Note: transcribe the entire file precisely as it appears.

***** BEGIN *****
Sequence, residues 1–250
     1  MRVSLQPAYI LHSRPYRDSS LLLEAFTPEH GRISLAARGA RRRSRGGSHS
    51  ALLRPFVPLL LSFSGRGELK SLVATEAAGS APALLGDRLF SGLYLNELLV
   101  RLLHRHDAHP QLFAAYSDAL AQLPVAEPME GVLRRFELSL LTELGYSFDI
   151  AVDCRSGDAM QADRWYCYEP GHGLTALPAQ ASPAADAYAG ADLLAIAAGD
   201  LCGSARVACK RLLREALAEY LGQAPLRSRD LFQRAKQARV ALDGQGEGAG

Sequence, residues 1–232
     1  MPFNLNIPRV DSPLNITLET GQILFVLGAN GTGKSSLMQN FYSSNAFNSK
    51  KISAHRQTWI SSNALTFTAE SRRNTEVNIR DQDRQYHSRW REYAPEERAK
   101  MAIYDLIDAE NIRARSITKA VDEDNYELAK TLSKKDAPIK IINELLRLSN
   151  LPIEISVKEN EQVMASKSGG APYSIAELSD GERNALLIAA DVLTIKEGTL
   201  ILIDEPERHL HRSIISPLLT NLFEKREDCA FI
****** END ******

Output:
Sequence, residues 1–250
     1  MRVSLQPAYI LHSRPYRDSS LLLEAFTPEH GRISLAARGA RRRSRGGSHS
    51  ALLRPFVPLL LSFSGRGELK SLVATEAAGS APALLGDRLF SGLYLNELLV
   101  RLLHRHDAHP QLFAAYSDAL AQLPVAEPME GVLRRFELSL LTELGYSFDI
   151  AVDCRSGDAM QADRWYCYEP GHGLTALPAQ ASPAADAYAG ADLLAIAAGD
   201  LCGSARVACK RLLREALAEY LGQAPLRSRD LFQRAKQARV ALDGQGEGAG

Sequence, residues 1–232
     1  MPFNLNIPRV DSPLNITLET GQILFVLGAN GTGKSSLMQN FYSSNAFNSK
    51  KISAHRQTWI SSNALTFTAE SRRNTEVNIR DQDRQYHSRW REYAPEERAK
   101  MAIYDLIDAE NIRARSITKA VDEDNYELAK TLSKKDAPIK IINELLRLSN
   151  LPIEISVKEN EQVMASKSGG APYSIAELSD GERNALLIAA DVLTIKEGTL
   201  ILIDEPERHL HRSIISPLLT NLFEKREDCA FI